posted by Christopher Howard — Apr 07, 2010
Peter Conn of the University of Pennsylvania writes a dense article for the Chronicle Review on the realities of unemployment in the humanities. Deftly sifting through various studies on employment, attrition, and other factors, this professor of English and education considers the situation from several points of view and offers possible and pragmatic solutions.
It’s no surprise to hear that full-time tenured and tenure-track jobs in the humanities have been shrinking over the past decade in both public and private institutions. Conn widens the field of inquiry, for example, by looking at how the for-profit University of Phoenix—with more than 400,000 undergrads and 78,000 graduate students nationwide and internationally—has expanded the field of education while perhaps exacerbating the rise of part-time and adjunct professors. In addition, the number of humanities doctorates produced has increased almost 50 percent during the last twenty years, but the job market has remained flat or declined.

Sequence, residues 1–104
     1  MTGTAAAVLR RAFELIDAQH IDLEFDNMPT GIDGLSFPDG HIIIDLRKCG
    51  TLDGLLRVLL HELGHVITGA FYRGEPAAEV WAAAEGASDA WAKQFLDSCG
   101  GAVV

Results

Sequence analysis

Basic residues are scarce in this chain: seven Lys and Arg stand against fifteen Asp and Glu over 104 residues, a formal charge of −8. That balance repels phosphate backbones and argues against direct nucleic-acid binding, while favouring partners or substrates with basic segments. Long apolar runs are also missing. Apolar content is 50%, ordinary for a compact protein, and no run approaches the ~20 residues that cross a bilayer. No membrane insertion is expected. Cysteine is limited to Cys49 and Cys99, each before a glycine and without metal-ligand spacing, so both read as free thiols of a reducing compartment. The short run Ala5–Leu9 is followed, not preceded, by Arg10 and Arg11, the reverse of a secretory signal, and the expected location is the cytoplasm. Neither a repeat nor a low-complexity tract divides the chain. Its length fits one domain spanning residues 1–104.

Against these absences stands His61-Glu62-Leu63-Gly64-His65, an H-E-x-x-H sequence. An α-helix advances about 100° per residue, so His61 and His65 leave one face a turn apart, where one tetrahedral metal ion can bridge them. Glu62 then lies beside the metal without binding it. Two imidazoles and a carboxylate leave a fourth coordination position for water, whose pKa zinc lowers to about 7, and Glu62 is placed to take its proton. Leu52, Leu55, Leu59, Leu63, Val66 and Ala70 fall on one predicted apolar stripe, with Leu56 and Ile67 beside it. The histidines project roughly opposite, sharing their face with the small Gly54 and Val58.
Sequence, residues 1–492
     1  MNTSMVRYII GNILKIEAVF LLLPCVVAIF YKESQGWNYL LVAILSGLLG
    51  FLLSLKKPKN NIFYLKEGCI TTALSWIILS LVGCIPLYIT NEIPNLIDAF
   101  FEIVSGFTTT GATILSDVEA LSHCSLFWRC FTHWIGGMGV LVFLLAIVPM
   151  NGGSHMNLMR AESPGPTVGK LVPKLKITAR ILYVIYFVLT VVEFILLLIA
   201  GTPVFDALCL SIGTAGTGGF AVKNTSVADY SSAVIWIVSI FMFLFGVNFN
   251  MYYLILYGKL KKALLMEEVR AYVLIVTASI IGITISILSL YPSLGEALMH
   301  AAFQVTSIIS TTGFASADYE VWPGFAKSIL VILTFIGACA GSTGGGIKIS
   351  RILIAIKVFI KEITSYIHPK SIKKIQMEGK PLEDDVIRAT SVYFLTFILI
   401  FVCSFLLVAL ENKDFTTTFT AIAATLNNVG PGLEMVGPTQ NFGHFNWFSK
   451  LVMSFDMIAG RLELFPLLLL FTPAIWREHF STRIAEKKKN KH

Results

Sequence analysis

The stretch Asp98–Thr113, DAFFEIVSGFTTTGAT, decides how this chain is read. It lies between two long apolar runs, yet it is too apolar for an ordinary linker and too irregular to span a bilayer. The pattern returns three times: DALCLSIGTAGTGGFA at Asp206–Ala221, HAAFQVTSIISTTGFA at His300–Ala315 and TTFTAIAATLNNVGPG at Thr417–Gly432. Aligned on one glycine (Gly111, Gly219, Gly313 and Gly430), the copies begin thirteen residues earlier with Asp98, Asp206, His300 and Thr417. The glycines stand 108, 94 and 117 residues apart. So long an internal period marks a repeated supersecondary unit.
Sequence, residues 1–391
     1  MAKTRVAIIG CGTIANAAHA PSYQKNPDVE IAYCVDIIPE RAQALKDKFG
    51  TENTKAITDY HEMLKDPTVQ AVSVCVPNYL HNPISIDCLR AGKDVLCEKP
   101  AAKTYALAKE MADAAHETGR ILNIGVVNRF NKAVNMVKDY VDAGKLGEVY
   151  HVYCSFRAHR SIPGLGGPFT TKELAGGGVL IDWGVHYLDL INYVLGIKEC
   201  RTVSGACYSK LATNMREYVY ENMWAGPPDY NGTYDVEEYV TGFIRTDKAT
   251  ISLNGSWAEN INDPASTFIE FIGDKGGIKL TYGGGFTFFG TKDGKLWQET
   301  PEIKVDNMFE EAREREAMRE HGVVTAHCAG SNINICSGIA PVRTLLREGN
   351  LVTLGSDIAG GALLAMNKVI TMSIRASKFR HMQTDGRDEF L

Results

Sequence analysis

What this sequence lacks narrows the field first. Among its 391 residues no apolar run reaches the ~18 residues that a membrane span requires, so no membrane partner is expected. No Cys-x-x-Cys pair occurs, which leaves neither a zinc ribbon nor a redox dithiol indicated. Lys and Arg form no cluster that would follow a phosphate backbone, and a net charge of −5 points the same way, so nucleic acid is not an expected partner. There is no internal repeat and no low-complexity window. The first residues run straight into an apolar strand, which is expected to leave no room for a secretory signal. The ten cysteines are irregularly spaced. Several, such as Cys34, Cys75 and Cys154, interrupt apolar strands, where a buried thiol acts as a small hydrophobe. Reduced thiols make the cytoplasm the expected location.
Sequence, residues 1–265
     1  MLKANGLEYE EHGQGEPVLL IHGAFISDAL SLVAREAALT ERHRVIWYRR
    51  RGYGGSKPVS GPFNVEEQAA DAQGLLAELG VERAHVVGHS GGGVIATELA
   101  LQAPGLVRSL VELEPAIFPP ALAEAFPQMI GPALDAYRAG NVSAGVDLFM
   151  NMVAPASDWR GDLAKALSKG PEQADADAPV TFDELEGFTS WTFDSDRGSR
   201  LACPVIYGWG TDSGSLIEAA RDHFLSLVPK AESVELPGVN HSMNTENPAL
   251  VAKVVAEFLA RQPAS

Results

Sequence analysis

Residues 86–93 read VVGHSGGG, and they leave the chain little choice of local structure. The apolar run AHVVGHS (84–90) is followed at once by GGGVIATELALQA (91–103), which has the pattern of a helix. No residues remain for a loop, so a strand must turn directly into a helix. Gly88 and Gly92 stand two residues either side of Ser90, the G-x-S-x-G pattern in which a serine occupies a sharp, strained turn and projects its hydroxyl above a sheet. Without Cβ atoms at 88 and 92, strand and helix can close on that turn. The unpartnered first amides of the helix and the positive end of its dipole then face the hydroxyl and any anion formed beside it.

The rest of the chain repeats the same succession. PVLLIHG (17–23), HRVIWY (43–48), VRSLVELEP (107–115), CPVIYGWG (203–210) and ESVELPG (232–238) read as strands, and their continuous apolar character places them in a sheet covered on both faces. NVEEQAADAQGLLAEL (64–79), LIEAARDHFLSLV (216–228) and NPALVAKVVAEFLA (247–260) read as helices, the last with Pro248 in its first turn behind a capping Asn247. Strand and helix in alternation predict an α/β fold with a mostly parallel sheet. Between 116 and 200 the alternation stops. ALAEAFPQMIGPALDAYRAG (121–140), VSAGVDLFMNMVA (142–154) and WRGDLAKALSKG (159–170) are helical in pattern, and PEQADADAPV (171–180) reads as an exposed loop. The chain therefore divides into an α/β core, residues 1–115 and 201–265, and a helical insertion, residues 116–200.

Conn notes that the federal ban on mandatory retirement in 1994 has contributed to an aging workforce that is reluctant to retire, especially in the present recession. Also, the “star system” that attracts well-known and thus higher-paid professors negatively impacts the lower ranks. Attrition is another concern: 43 percent of students never finish their PhD. Thus they linger in higher education longer than they should, drain resources, and add to the part-time workforce. Even if they finished they’d be consigned to a “dysfunctional job market.”
While Conn argues for fewer students admitted to doctoral programs, he recognizes that current professors would object because, on the whole, they enjoy teaching graduates over undergraduates, and those undergraduates still need their survey classes, which are often staffed by graduate students. He lists several other objections to his proposal of smaller programs, including the unfortunate situation of denying education to those who want it.
Other recommendations include having graduate programs give realistic pictures of postdoctoral professional life, whether that’s offering classes on the subject, maintaining an informational job-placement webpage (listing past successes), or promoting careers outside academia. Of the latter Conn writes, with admittedly soft data: “These women and men found somewhat more job satisfaction than did members of their cohorts who continued in academic careers, in part because they ended up in locations of their choice, and in part because they tended to make more money.” But at the same time, “My own conversations with graduate students over several decades indicate that most of them do not find the idea of nonacademic careers particularly appealing.”